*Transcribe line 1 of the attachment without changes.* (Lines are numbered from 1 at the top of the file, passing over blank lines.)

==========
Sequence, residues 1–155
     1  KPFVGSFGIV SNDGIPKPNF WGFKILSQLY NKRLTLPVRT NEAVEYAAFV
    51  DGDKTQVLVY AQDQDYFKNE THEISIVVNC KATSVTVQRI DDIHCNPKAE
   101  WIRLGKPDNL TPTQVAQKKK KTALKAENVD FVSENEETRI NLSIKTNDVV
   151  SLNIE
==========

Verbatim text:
Sequence, residues 1–155